Sons of Liberty does an excellent job of establishing and defining its characters, which differ sometimes dramatically from their historical counterparts. Sam Adams is a handsome, suave drinker and lone wolf. Benjamin Franklin (Dean Norris of "Breaking Bad") is a womanizer. John Hancock is a wealthy, shrewd deal-maker. Paul Revere (Michael Raymond-James) is really, really cool. The cast, which includes a number of UK actors portraying America's founding fathers, does not seem terribly concerned with doing their historical roles justice. They're primarily there to look good and tough, which they do.

There is some profanity, which certainly seems anachronistic. In general, one never feels this production is really capturing and conveying the complexities of the American Revolution. It is just presenting us some of the US' hunky, badass founders, who are shown to discover patriotism almost accidentally.

Do not expect the accuracy the channel's name implies. For example, Sam Adams, portrayed as a handsome young rebel, should be in his mid-fifties by the end of the series, but the youthful-looking Barnes, 33, isn't aged at all and is noticeably younger than E.T.'s Henry Thomas, who plays Sam's more famous cousin, future president John Adams. Those with greater familiarity of early American history can probably find other issues to take to task involving dates and policies.

Marton Csokas embodies evil as General Thomas Gage, a man whose actual principles differ from those displayed here.


Naturally, Sons of Liberty has picture and sound able to rival those of new feature films. Blu-ray presents the cinematic 1.78:1 visuals and potent 5.1 DTS-HD master audio with the greatest clarity and impact consumer home media can these days. The presentation leaves positively nothing to be desired.

Director Kari Skogland, the woman behind the Sons of Liberty, discusses the miniseries. Men in shorts get the audio and video needed for an action scene.


Three HD making-of featurettes accompany the third episode on the second Blu-ray Disc.

"Lensing Liberty: The Making of Sons of Liberty" (9:37)

discusses the many facets that have to be considered (e.g. production design, effects) when producing such a miniseries (even one as historically inaccurate as this).

"Choreography of War: Creating the Battles and Special Effects of Sons of Liberty" (9:08) focuses on the staging of action combat scenes, with more talking heads and looks at training, camerawork, and the like.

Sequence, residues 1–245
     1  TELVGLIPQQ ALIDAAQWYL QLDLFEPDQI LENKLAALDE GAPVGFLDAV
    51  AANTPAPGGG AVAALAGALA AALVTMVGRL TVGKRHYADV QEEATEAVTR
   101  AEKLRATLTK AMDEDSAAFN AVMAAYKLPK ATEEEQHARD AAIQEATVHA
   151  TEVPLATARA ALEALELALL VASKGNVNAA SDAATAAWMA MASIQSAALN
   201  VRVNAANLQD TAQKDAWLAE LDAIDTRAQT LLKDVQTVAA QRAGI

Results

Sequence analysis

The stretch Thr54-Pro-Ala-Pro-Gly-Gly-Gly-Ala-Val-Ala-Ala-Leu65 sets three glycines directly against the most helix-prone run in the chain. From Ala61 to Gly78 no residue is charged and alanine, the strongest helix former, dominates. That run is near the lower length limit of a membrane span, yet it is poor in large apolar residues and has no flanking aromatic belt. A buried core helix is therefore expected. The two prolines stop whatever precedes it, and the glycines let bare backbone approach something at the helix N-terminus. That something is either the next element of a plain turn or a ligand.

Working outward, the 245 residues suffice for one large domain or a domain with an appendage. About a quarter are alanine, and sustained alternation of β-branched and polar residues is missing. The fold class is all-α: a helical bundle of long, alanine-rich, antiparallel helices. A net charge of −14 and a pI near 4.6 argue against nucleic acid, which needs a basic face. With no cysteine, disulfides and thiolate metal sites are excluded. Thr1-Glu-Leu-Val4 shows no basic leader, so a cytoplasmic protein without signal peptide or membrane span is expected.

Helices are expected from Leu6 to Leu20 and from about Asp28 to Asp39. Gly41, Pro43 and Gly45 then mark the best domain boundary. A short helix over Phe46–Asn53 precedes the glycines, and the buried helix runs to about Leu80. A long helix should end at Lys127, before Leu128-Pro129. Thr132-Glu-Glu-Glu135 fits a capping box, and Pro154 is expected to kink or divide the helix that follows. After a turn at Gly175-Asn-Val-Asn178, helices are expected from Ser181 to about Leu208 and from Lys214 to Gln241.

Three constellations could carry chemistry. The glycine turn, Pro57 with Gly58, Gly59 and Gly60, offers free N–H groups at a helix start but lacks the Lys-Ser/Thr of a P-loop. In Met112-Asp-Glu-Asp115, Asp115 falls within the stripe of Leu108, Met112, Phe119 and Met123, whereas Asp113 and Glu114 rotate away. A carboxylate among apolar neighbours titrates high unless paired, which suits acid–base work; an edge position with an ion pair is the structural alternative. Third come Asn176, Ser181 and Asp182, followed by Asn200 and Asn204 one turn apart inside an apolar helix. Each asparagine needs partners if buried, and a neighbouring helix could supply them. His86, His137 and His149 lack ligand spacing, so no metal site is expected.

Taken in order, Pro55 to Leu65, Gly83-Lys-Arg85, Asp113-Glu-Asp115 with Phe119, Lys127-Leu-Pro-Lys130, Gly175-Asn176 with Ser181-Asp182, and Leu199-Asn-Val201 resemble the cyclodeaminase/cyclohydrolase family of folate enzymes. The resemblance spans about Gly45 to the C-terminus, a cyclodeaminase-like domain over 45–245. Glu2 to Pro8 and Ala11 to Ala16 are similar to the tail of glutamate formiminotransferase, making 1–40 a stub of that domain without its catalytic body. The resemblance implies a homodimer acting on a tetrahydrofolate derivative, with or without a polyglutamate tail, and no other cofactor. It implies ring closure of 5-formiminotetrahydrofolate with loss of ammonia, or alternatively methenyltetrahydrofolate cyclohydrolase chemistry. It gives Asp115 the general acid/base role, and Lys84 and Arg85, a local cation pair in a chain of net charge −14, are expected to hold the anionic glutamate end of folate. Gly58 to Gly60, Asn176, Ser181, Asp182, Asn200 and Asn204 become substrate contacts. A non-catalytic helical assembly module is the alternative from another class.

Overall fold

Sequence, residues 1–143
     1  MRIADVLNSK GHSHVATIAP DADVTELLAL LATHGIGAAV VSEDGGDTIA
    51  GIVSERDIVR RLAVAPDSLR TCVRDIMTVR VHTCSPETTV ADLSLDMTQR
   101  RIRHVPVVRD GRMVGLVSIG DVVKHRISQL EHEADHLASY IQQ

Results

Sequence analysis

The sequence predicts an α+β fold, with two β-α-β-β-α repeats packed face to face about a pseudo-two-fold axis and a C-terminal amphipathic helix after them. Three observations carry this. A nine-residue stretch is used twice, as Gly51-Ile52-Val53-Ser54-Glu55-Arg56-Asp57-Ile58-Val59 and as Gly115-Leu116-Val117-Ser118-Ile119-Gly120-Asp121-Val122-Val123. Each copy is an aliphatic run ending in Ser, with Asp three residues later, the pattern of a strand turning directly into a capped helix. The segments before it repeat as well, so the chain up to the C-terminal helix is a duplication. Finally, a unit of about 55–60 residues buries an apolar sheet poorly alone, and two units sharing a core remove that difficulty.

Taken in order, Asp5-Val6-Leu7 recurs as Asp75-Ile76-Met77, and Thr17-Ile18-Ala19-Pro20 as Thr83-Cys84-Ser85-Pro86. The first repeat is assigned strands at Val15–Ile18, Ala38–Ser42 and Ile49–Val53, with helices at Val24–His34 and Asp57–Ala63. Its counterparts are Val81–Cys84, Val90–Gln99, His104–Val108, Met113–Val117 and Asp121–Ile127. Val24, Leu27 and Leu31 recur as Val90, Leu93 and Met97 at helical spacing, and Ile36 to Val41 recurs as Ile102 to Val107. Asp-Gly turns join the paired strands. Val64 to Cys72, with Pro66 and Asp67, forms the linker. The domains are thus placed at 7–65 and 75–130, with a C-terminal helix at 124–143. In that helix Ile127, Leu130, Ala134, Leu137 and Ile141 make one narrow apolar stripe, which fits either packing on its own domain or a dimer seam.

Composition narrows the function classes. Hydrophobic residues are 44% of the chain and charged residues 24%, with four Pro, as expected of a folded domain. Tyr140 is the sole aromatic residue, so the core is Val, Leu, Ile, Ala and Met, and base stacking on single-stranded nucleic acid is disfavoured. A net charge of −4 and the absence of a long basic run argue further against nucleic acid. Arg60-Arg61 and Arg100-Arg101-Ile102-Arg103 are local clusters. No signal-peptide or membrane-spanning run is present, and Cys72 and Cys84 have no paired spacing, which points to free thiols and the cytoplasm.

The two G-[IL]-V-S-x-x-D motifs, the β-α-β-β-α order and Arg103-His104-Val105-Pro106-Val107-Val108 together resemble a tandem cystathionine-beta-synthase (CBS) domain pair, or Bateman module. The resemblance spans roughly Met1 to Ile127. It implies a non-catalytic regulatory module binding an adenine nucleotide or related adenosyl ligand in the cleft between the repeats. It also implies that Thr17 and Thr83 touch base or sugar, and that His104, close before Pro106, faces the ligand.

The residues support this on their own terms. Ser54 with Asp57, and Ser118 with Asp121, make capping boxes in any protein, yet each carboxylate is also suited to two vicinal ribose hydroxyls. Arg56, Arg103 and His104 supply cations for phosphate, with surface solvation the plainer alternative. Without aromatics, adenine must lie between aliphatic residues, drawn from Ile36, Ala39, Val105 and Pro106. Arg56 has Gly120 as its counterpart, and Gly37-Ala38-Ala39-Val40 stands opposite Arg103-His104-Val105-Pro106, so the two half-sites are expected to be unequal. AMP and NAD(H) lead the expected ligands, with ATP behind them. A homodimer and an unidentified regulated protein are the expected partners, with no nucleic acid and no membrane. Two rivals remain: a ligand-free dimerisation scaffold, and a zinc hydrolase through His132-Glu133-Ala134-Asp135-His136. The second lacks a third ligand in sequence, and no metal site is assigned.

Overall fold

Finally, "Men of Independence: The Historical Figures of Sons of Liberty" (16:46) explores the series' characterizations much than the men as they truly were. Well, at least they're sticking with their interpretations.

Watch a clip from "Men of Independence: The Historical Figures of Sons of Liberty":

Disc One's only extra is "Trailers", which simply replays that disc's opening reel of previews for Houdini, The World Wars, and '71.

The main menus play clips adapted from the opening title. The discs, which include DTS-HD Master Audio sound check tests, allow you to resume unfinished playback and also to set bookmarks on scenes. Where applicable, episodes open with lengthy recaps and close with revealing teases as originally aired.

The two full-color discs take opposite sides of a slipcovered eco-friendly blue keepcase, separated by an insert supplying your Digital HD UltraViolet code and directions.

John Hancock (Rafe Spall), Sam Adams (Ben Barnes), and John Adams (Henry Thomas) catch Benjamin Franklin with a woman.


Sons of Liberty offers a diverting, if not especially admirable or accurate, take on the American Revolution. It takes plenty of liberties (no pun intended) and its historical accuracy is far from great. Still, you've got to appreciate an effort to bring the first chapter in American history to life in the reasonably compelling manner of a basic cable action-drama.

Lionsgate's Blu-ray deserves the highest marks visually and aurally. Its bonus features aren't much, though, and I suspect the miniseries' replay value may be limited.

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Reviewed May 26, 2015.

Text copyright 2014 DVDizzy.com. Images copyright 2015 Stephen David Entertainment, A+E Studios, History, and Lionsgate.
Unauthorized reproduction prohibited.